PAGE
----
“Winston!” But even the outrage that normally made his nephew draw up short in anger had no effect.

Wyn moved into the parlor and bent to switch on a lamp. “Some light wouldn’t hurt. Not all of us have your senses, Caleb.” Yawning, he rumpled a hand through his hair. “So, how was the big date? Did Arianna bring you home?”

“Lucas Drake brought me home,” Caleb snarled, thrusting past him. The glow from the lamp stung his eyes, intensifying the pain in his head. He didn’t know why he was so angry, at least not with Wyn. Seth was the one who took perverted pleasure in killing, taunting him with sadistic acts of violence. Trying to compose himself, he bowed his head and pinched the bridge of his nose. “There’s been another killing.”
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Mae Clair opened a Pandora’s Box of characters when she was a child and never looked back.  Her father, an artist who tinkered with writing, encouraged her to create make-believe worlds by spinning tales of far-off places on summer nights beneath the stars. She snagged the tail of a comet, hitched a ride, and discovered her writer’s Muse on the journey.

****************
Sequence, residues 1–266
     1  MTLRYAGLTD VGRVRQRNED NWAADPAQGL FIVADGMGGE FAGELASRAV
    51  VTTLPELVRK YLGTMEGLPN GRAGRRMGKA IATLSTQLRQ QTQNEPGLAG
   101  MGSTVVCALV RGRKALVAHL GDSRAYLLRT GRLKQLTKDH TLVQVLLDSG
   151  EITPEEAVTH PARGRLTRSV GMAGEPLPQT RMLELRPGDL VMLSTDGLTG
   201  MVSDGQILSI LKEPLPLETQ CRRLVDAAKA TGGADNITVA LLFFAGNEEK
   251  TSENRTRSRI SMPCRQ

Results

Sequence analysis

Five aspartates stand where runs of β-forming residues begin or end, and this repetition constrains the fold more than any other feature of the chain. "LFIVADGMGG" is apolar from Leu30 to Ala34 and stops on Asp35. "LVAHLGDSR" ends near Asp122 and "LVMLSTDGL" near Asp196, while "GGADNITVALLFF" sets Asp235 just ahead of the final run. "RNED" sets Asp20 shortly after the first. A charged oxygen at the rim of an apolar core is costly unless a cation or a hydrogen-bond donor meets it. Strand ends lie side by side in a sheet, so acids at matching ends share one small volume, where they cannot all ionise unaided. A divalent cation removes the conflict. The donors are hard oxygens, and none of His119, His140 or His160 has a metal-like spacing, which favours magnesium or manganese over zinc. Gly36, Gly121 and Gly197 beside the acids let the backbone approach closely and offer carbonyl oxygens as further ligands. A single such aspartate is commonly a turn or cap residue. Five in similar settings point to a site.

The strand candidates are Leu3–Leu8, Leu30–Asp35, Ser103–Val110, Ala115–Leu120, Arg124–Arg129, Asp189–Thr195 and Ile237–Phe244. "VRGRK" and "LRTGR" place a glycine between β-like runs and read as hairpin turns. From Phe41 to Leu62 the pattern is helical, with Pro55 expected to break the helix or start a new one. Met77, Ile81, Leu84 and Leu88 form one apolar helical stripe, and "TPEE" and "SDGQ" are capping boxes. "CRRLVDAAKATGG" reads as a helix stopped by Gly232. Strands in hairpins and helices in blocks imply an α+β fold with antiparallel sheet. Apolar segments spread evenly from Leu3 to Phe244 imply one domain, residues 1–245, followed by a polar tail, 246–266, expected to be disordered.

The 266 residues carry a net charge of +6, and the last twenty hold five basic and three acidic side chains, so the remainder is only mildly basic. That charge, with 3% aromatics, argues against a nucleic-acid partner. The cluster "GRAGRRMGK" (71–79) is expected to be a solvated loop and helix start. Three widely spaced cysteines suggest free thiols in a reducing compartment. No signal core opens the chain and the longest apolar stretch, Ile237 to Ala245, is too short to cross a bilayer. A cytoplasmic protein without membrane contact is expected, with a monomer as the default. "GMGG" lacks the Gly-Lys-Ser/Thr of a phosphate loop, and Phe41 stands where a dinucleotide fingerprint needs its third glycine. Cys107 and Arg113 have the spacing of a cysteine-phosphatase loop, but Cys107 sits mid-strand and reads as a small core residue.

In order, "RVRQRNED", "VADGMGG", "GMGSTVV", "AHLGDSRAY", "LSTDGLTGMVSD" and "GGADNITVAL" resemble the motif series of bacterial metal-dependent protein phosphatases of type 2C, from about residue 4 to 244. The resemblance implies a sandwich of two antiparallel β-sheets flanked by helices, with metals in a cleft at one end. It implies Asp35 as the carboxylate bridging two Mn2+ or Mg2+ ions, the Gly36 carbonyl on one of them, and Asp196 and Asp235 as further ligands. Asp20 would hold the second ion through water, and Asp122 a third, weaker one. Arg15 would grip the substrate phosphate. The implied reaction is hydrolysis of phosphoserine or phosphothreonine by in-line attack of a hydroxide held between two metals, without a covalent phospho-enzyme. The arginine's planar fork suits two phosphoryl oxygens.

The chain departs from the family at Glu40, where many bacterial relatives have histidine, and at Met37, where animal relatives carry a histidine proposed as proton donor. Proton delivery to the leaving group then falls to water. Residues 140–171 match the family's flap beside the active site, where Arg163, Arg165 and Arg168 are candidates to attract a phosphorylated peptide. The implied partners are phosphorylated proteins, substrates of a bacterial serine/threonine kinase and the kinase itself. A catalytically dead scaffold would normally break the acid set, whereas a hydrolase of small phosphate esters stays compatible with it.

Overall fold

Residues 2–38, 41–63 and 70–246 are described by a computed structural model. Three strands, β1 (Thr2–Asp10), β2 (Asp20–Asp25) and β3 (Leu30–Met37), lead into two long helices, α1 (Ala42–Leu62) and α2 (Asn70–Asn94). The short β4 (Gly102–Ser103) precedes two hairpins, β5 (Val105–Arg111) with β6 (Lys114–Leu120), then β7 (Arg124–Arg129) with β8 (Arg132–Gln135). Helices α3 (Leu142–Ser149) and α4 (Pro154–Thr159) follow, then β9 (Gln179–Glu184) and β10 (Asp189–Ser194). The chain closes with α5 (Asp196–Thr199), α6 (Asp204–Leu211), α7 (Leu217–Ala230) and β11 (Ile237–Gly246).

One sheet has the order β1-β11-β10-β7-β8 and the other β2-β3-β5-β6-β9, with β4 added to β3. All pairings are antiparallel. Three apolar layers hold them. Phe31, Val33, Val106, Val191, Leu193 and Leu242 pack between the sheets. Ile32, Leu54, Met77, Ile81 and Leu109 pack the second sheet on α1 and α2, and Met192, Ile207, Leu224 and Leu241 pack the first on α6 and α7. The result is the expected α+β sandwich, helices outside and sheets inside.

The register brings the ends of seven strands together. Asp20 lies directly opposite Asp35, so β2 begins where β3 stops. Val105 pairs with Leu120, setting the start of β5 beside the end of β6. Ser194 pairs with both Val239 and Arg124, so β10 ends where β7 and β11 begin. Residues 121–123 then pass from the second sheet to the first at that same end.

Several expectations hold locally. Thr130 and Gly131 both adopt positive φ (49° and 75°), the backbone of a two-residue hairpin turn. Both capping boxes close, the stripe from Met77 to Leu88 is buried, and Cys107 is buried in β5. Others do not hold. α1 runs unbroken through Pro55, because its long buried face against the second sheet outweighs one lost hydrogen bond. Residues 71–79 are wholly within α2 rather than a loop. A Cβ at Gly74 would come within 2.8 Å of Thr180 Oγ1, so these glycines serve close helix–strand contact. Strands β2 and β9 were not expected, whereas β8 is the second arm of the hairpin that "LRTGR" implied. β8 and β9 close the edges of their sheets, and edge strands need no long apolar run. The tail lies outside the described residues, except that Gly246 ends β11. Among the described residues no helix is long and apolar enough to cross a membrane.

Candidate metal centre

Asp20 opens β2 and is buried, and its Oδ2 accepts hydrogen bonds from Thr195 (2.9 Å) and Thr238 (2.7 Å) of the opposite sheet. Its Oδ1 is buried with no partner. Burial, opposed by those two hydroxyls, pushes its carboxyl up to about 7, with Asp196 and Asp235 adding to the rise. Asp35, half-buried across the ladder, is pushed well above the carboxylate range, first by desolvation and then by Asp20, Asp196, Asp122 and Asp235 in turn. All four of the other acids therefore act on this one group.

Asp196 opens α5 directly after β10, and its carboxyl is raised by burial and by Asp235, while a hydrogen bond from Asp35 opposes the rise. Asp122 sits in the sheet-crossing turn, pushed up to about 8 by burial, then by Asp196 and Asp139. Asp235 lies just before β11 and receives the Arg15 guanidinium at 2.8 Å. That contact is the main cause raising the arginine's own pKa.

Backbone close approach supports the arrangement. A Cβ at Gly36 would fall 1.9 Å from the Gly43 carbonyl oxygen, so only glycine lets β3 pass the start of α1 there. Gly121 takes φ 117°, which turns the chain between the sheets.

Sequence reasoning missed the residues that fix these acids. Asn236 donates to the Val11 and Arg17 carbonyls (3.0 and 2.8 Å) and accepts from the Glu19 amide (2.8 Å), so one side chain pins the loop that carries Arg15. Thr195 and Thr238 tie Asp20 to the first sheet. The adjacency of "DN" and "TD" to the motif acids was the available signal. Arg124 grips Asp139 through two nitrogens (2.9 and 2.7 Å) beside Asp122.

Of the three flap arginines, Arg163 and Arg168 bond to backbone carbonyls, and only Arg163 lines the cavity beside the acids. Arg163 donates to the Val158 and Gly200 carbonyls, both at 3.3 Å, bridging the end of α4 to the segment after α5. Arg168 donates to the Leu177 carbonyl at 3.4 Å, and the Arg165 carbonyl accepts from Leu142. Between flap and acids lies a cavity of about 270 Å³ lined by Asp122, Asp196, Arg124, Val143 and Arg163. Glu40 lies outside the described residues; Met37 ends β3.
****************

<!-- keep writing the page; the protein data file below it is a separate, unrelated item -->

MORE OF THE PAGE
Mae loves creating character-driven fiction in settings that vary from contemporary to mythical. Wherever her pen takes her, she flavors her stories with conflict, romance and elements of mystery. Married to her high school sweetheart, she lives in Pennsylvania and is passionate about writing, old photographs, a good Maine lobster tail and cats.

You can find Mae Clair at the following haunts:
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  1. I am an avid reader…. I also have wet macular degeneration. It is a non-reversible, no cure eye disease. I am going blind… right now I wear what is commonly, if rudely, described as coke bottle glasses. I fear the day when I will be blind. It is also the reason I read 5 to 10 books a week. I need to get as many in as I can, while I can.
    Julie O

  2. Hi, Julie. I’m very sorry to hear of your condition, especially as reading brings you such pleasure. It would be devastating to face in any circumstance, but avid readers (such as you and I) rely so much on sight. I can only hope that it progresses slowly. My best to you.